11 Totally Unexpected Uses for a Crock-Pot

Most people think a slow cooker is good only for making a huge vat of chili or a warm, comforting pot of stew. Well, as it turns out, there are a lot of other uses for a Crock-Pot, including pursuits as esoteric as making your own soap or removing paint from metal hardware. The gentle, even heating provided by a slow cooker makes it an ideal tool for conquering all sorts of projects. So, dust off that unused appliance and put it to work with some of these fun and out-of-the-ordinary activities.


Make Soap in a Crockpot

Did you know that you can whip up a batch of homemade scented soap with the help of your slow cooker? You will need 16 ounces of coconut oil, 16 ounces of olive oil, a helping of lye, and the essential oils of your choice. Measure your ingredients into the slow cooker, and turn on the heat. Stir the mixture carefully, and wait for it to set. For a complete tutorial, check out this recipe. The recipe calls for lye, so be forewarned that this ingredient is extremely caustic. Handle it very carefully, and make sure it is kept out of reach of children. 

Related: 12 Unexpected Uses for a Regular Bar of Soap


Light Bright

Make Homemade Candle in Crockpot

Can you use your slow cooker to make candles? Yes, you sure can! Not only is it a fun project, but it's a great way to repurpose wax chips from old candles that have burned down. Simply grate or shred the wax into the slow cooker, and heat on low. Then, prep your molds (old coffee cans or plastic containers work well) by oiling them with a bit of cooking spray. Tie a fresh wick (available at craft stores) onto a pencil, suspend the pencil across the top of the mold, and tape the bottom of the wick in the center of the mold. Once the wax has melted, pour it into the mold, and let it cool. Once the wax has hardened, trim the wick and light it up.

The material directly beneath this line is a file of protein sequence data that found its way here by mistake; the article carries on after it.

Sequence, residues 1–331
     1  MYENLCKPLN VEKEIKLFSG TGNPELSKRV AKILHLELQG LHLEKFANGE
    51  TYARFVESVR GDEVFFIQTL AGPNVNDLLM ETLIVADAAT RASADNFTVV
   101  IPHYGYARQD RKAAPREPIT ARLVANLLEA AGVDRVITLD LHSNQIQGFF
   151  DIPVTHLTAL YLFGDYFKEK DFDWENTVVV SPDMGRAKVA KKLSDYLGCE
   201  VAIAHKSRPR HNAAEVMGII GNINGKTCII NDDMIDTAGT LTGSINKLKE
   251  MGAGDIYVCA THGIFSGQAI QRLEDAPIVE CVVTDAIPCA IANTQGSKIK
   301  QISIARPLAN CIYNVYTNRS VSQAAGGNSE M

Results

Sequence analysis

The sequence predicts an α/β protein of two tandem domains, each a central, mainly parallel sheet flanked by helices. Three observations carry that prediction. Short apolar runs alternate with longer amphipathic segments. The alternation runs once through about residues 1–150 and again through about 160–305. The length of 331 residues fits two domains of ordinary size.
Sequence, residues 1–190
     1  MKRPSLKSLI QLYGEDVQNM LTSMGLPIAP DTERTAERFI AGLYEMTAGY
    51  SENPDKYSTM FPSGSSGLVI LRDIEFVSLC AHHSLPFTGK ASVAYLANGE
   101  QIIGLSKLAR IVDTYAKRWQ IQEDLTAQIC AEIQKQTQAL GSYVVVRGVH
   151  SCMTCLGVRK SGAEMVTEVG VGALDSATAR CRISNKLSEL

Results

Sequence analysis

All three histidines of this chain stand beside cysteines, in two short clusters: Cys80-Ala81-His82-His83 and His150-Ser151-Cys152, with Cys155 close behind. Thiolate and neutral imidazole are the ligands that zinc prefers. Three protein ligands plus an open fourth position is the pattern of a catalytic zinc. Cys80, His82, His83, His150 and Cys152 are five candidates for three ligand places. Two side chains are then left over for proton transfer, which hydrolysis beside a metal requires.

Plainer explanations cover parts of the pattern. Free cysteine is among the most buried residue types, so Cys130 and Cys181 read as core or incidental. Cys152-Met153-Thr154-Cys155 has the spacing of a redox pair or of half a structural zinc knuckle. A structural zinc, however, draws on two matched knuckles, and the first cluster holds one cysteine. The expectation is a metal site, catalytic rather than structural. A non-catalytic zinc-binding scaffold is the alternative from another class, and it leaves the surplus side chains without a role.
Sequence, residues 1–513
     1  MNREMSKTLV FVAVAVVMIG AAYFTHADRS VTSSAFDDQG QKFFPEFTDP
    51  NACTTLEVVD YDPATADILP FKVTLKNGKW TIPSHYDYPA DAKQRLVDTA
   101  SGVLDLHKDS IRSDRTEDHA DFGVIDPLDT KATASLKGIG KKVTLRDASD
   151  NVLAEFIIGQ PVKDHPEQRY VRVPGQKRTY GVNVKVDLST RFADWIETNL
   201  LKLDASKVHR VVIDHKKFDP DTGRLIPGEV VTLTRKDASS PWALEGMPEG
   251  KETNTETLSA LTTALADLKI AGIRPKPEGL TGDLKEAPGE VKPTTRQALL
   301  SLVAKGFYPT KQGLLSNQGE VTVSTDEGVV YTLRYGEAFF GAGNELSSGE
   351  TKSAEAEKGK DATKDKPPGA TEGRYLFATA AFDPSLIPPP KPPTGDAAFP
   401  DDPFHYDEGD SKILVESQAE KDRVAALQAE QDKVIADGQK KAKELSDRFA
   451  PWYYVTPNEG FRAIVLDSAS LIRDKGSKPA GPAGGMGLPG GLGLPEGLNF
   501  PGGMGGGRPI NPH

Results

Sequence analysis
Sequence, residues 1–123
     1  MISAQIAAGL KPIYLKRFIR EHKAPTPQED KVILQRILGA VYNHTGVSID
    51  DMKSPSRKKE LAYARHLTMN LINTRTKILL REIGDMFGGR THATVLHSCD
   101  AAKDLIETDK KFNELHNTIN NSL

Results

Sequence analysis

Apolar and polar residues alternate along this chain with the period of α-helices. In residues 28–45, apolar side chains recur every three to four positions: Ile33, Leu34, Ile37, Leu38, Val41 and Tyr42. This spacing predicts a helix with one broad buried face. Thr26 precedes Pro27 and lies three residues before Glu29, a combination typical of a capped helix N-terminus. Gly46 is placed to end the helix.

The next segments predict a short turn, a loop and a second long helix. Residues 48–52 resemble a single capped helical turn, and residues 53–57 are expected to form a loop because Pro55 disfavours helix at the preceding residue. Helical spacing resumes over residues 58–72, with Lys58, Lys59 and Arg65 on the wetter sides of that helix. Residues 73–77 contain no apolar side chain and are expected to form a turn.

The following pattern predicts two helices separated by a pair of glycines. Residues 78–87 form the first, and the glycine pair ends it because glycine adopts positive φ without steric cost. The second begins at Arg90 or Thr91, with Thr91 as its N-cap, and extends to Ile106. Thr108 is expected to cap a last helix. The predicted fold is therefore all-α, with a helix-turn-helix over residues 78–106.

Related: 14 New Uses for Old Candles


Banish Dry Air

Use Crockpot as a Humidifier

An old slow cooker filled with water makes a great humidifier—a must-have during the dry months of winter. Fill the pot about three-quarters full with hot water, cover with the lid, and turn the appliance to its highest setting. After 15 minutes, remove the lid and let the steam saturate your indoor air. 

Related: Combat Dry Winter Air with 7 Tips and Tricks


Artistic Bent

Make DIY Crayons in a Crock-Pot

You can use a slow cooker to turn broken crayons into fresh art supplies, with the help of inexpensive silicone molds that you can buy at craft stores. Sort your old crayons by color family, and remove the paper wrapping. Place the broken bits of a single color into the slow cooker, and heat on low until the pieces have melted. Pour or ladle the melted crayons into silicone molds, and place them in a cool, dry location until they've cooled completely. Then, break out the coloring sheets and set the little ones to work.

Related: 10 Things You Didn't Know a Paintbrush Can Do


Simmering Scents

Homemade Potpourri in Crock-Pot

A slow cooker makes a great vessel for simmering liquid potpourri. Place fruit and spices into the slow cooker, add just enough water to cover, and turn the switch to a low setting, leaving the lid off. Go with deliciously scented basics like apples and cinnamon sticks or oranges and cloves, or experiment with lemons, bay leaves, evergreen sprigs, or ginger to find a personalized scent that’s perfect for your home.

Related: 11 Super Simple Ways to Make Your House Smell Fresh


Easy Paint Stripper